No fandango for you: EU boots UK off Galileo satellite project
More Brexit fallout as Europe plays hardball with positioning
It's official: the UK is going to be booted off the Galileo satellite GPS program as a result of Brexit, despite furious protestations from Britain that it's a special case.
The decision was reached by all 27 member states of Europe at a meeting on Tuesday and was confirmed in a slide deck [PDF] released on Wednesday.
Just last week the UK minister in charge of Brexit, David Davis, repeatedly referenced the program in a speech and claimed that any decision to exclude the UK from Galileo would "delay the project by up to three years" and cost "an extra billion euros."
He said that the position of EU negotiator Michel Barnier to exclude the UK from Galileo since it would no longer be a member of the European Union was equivalent to "shooting itself in the foot just to prove that the gun works."
Ultimately, however, despite reservations from some countries, everyone agreed to back up Barnier. As a result, when Brexit happens, the UK will be reduced to third party status on the critical program.
Galileo is due to go live in 2020 and will provide an alternative to US, Chinese and Russian global positioning systems.
The UK will still be allowed to use the system and can act as an observer but it will be frozen out of future developments and contracts. What the UK government will be most upset about is that the fact it will be no longer be allowed access to the highly secure military-grade signal Public Regulated Service (PRS), a huge blow that will put the UK, and its military, far behind other Western nations when it comes to using the latest global technologies.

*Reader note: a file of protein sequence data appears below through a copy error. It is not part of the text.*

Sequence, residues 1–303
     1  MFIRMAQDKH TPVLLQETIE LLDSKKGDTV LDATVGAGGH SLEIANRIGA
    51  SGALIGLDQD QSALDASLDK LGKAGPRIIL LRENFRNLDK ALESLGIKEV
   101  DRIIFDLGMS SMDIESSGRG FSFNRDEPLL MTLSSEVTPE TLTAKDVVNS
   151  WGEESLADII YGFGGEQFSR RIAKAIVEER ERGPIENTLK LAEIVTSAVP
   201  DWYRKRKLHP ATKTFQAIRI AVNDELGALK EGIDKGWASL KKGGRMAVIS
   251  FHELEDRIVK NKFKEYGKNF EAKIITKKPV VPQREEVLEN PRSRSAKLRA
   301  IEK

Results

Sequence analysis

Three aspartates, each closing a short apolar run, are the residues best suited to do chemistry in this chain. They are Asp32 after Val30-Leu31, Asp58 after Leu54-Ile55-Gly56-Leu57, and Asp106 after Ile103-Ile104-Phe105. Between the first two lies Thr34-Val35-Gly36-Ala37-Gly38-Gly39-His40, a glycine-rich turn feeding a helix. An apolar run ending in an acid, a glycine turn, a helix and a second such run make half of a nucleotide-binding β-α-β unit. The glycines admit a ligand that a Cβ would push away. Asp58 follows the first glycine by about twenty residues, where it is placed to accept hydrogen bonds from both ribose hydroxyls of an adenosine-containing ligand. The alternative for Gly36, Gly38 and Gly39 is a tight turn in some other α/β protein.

Go it alone?
Last month, UK chancellor Philip Hammond said that if the UK was booted off the program it would "have to go it alone, possibly with other partners outside Europe and the US, to build a third competing system" – most likely other nations in the Five Eyes alliance: Australia, Canada and New Zealand (the US is the fifth "eye").
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That is a possible course of action but would cost the UK far, far more than the Galileo system – billions of pounds more – and take it until at least 2025 to get up and running, probably much longer.
The UK had repeatedly argued that Galileo was a special case in Brexit negotiations given the amount of work, technology and money that the UK has contributed. And it tried to use the hosting of Galileo sensor stations in the Falkland Islands and Ascension Island as a bargaining chip to be given special status in the project.
But to no avail: Barnier's position for months has been that the UK has to be kicked out the program and, as had happened repeatedly in Brexit negotiations, the fact that the EU holds all the cards has meant the UK hasn't got a leg to stand on.
It increasingly looks like a game of chicken that only one side is playing.
The slide deck shows the UK's requests in a matrix, drawing big red circles around the most critical ones. It argues that conceding to those requests would be a "change in nature" of the program and lead to a loss in "strategic autonomy" for Europe. ®
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